Words grow like flowers, invasive, cruel, beautiful, cutting, and when cut, they wither and fade, just like flowers. Catch them while you can, I say. Catch them, hold them tight, press them to you heart, for time is voracious and will soon devour them, swallowing them down in the black holes of forgetfulness, carelessness, and memory loss. Shine a light on your words. Underline them, grace them with stars, think about them, carefully. And remember, the word once spoken or written can never, ever be recalled.
Joy of Light
I wait for words to descend, soft, peaceful. They brush my mind with the soft touch of a grey jay’s wings. When they refuse to come, I know that silence is golden. Sunshine spreads its early morning light, upwards, under the blinds, into my room and my eyelashes radiate its rainbow.
Light from the rose window in Chartres once spread its spectrum over my hands, and I rejoiced in the glory of its speckled glow. I spread my fingers before my face and marveled at the suit of lights clothing my body. In such splendour mortal things like words cease to flow.
Words are inadequate. They cannot express what I feel when I breathe in color and light and my heart expands into an everlasting rose, as red as dawn, as bright as a blushing sunrise over Minister’s Island. Flowers burst into bloom. A sense of immanent beauty fills me as light, and warmth, and joy disperse night’s gloom.
Finley has decided, quite rightly, that what she wants to paint, draw, or colour, is much more important than any of the page prompts in the drawing book I got her. That said, this could easily be a comic book cover – or the cover photo of my next book.
“I want to see the world again through the eyes of a little child” – Picasso. The gift of so doing is precious.
The hollyhocks are back. A little bit late, but just starting to reveal themselves in all their glory. It’s been a strange spring, with frost warnings (and two actual frosts) in June, heavy rain, T-Storms, a tornado watch, extra hot days and, thankfully cold nights with the temperatures at +4C, even this month, July.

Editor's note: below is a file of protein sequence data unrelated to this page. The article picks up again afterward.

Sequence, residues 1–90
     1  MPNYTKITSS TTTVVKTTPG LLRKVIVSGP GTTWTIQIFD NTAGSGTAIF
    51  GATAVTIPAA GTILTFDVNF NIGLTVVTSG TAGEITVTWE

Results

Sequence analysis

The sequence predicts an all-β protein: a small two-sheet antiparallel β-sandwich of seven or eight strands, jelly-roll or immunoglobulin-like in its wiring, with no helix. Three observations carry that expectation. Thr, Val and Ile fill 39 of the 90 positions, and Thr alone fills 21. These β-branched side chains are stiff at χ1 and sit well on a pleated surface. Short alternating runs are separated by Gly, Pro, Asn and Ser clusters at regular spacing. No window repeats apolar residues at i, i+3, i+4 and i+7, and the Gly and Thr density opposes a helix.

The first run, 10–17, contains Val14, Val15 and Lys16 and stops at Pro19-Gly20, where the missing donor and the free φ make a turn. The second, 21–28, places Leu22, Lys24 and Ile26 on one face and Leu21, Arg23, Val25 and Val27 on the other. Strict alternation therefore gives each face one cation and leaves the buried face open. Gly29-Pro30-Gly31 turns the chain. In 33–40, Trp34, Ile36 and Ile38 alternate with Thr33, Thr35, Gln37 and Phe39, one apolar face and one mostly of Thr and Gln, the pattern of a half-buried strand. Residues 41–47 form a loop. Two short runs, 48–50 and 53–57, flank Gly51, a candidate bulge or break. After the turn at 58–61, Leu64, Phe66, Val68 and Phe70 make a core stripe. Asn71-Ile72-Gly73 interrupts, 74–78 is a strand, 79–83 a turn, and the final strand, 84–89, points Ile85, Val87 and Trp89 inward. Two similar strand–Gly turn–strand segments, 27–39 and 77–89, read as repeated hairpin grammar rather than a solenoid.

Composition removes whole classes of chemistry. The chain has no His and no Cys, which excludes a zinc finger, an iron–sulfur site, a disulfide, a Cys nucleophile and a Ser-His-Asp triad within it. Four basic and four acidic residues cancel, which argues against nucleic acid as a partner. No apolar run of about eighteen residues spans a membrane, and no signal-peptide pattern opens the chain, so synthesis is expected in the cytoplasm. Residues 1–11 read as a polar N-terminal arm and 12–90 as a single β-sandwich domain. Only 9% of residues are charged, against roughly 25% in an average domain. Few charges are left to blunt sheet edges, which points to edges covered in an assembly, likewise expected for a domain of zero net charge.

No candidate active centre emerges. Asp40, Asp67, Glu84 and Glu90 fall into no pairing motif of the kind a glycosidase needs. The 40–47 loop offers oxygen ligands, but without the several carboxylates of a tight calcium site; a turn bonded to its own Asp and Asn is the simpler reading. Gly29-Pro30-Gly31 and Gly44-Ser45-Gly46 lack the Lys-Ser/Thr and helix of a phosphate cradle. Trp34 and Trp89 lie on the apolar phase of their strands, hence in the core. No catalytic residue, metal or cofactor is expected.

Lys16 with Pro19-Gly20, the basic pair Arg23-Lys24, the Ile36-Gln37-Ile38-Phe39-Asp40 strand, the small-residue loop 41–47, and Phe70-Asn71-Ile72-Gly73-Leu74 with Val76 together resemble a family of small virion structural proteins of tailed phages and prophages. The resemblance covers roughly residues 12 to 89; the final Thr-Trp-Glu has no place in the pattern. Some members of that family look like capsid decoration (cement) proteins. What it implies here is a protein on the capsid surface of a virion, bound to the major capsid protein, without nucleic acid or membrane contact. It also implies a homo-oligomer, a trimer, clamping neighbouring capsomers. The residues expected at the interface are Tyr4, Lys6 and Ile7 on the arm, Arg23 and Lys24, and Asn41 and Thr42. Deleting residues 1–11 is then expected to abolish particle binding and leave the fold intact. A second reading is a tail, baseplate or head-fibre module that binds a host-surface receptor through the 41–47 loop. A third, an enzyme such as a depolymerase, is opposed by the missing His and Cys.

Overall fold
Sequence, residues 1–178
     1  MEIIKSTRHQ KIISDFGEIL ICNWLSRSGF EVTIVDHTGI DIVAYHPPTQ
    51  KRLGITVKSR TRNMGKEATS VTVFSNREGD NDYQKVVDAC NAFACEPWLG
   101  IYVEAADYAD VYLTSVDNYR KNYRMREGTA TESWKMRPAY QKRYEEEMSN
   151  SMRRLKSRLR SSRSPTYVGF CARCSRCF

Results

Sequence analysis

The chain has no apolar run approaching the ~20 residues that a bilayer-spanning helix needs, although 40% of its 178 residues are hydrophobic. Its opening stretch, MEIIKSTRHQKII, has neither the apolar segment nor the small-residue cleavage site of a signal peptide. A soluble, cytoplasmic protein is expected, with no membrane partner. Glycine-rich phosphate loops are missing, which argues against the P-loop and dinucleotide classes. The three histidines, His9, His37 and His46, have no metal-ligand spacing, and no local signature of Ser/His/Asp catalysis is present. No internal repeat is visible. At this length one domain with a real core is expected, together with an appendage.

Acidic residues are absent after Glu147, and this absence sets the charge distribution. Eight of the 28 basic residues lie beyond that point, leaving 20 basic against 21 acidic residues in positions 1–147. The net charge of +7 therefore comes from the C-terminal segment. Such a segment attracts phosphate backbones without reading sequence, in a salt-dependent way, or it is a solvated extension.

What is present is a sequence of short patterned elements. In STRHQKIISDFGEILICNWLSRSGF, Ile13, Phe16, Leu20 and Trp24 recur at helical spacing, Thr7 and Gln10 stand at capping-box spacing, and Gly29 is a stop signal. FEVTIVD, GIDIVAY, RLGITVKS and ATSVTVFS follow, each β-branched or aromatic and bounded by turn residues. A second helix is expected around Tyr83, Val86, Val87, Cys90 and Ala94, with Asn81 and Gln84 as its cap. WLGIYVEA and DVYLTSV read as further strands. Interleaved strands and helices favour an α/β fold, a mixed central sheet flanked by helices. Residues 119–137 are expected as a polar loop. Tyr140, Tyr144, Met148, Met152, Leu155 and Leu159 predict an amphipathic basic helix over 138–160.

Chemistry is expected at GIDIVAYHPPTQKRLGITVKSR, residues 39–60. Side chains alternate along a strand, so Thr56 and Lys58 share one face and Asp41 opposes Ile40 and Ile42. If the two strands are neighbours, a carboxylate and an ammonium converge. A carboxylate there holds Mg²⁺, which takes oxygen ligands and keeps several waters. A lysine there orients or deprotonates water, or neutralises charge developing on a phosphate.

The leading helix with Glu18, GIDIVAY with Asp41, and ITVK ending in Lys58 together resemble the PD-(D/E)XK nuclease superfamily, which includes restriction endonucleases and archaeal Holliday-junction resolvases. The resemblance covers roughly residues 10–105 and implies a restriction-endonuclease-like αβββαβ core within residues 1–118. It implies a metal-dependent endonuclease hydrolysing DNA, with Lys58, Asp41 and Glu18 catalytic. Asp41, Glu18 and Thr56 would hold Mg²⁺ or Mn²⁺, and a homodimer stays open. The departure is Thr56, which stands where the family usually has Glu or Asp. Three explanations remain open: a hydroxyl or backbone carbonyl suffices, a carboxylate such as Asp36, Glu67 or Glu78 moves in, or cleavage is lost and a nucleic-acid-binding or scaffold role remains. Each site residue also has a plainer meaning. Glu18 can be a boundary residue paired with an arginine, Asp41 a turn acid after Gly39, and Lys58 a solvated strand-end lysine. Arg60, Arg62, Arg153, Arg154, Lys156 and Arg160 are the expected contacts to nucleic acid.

The yucca plant is flowering again, with three flourishing stems this time. It only started to flower late last week, but it, too, is full of promise. Somehow, while there are flowers, there is still some hope, some beauty, and some time and space for rejoicing.
Ah, daffodils, my favourite flowers.
Winter’s chill lingers well into spring. I buy daffodils to encourage the sun to return and shine in the kitchen. Tight-clenched fists their buds, they sit on the table and I wait for them to open.
For ten long days the daffodils endured, bringing to vase and breakfast- table stored up sunshine and the silky softness of their golden gift.
Their scent grew stronger as they gathered strength from the sugar we placed in their water, but now they have withered and their day is done.
Dry and shriveled they stand paper- thin and brown, crisp to the touch. They hang their heads as their time runs out and death weighs them down.
Vis brevis, ars longa – life is short but art endures. Maybe my daffodils will last longer than the yucca and the hollyhocks. They will certainly outlive this year’s bloom. Time and tide wait for no man, and flowers too are subject to the waxing and the waning of the moon. That’s life, I guess. Long may it last.
On the seventh day he would have rested, but there’s no rest for the restless artists who create in thought, word, and deed.
They can rest from the deed and take a day off work, but thought and word go on.
And even if their day is silent, with no one to talk to, no words at all, the everlasting bunnies of thought dance on and on, beating their drums, planning, sketching, designing, outlining, shuffling the cards, mixing colors and words in endless games of creativity.
“Another long day but I completed the sky, then finished the wharf’s grey asphalt. Large areas are easier to spray with my air gun. It’s hard to paint them with a brush.
I also got the base coat on to the ever-greens. Much more difficult: I painted the inside of the cage around the ladder that leads to the roof. Fiddly work, time consuming, but nice to get out of the way.
No painting tomorrow, but Saturday and Sunday look good. As for Monday, I don’t know yet I’ll have to wait and see if it rains.”
Lifted up, so close to the stars, and even though we cannot see them we know they are there, looking down as we labour here below.
Are they sentient? Do they smile on us, or frown? Is our fate really up there, written in their ranks? Or is it in our own hands to raise ourselves up from the mud, to sail this frail bone-boat, to make something out of nothing?
Fate? Destiny? The windmill’s sails throwing us back down, into the mud, or lifting us up to the stars? Which is it to be? Such questions are too deep for you and me.
Your work is in your paint, mine in my words, yet paintbrush and pen are guided, both, by the hand that holds the artist’s hand.